The pizza’s almost gone here in the Reader newsroom, and you know what that means—election results are starting to come in. Finally!
It’s been a long road, hasn’t it? So many memories. Someday we’ll look back on this time and pine for a text message from Paul Vallas that we definitely never gave out our numbers for. Nostalgic chatter will linger on the question of where Jerry Joyce’s wife got her money. We’ll chuckle upon recall of Toni Preckwinkle’s staff’s latest foibles, musing aloud about the latest Daley to emerge from the sewers of Bridgeport.
Then one day we will stumble across the name Neal Sales-Griffin somewhere online and it will spark nothing. No recognition, no platforms, no endorsements, no memories. “Ah,” you will say to yourself. “That is someone’s name.” And then you will move on, strapping yourself in to Elon Musk’s new citywide jet-pack rental device—a deal at only $780 per minute.
After all, it is not so much the drama of the campaign that matters as the fact that we went through it all together.
Just kidding! The drama of the campaign—who’s tied to Alderman Ed Burke, who’s in support of the new police academy, who’s caught on Solis’s wiretap, and whether anyone can outmoney Daley—this all matters a great deal, and we know it.
So play a couple more rounds of Aldermania! The Board Game while you gird yourself for several more weeks of intensive election coverage. Now that Ben Joravsky is back, this time on the virtual airwaves (livestreamed and via podcast on our very own website!), we’ll be looking more closely at our final mayoral potentials. “That’s going to be a race about issues,” Maya Dukmasova said as a Preckwinkle-Lightfoot runoff started to look feasible. “That will be interesting.”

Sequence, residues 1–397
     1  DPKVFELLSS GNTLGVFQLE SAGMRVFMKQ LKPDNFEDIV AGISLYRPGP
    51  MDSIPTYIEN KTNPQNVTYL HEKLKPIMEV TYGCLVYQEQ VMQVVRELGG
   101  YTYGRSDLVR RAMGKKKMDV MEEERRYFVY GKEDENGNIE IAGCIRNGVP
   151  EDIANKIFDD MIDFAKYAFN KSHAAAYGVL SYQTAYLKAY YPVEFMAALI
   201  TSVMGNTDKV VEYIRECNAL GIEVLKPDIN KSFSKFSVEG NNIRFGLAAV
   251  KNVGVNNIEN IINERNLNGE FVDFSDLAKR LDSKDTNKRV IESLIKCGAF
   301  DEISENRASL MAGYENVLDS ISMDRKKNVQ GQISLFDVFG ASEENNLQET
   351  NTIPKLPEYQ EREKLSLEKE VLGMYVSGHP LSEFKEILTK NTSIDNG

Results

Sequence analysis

But that’s for next week. In the meantime, our music feature on Marcus Mixx will remind you of what truly matters about Chicago: amazing people doing amazing things with very few resources. The house legend is still going strong, Leor Galil writes, from his makeshift offices down at the Chicago Cultural Center, and on the airwaves at CAN TV. Photographer Davon Clark introduces us to a thrilling spate of black artists upending the narrative and coming back home to Chicago. Yolanda Perdomo visits a Hyde Park exhibition of painter Nikko Washington, an artist member of the Save Money collective. And Kat Sachs previews the Gene Siskel Film Center’s 60-film-strong Chicago European Union Film Festival.
Let’s face it. No artist can capture the wonder of a surprise text message from Vallas suggesting you should vote for him solely because he’s neither Preckwinkle nor Lightfoot. But after tonight you’ll have to find something else to entertain you.
We’ll have to order more pizza. v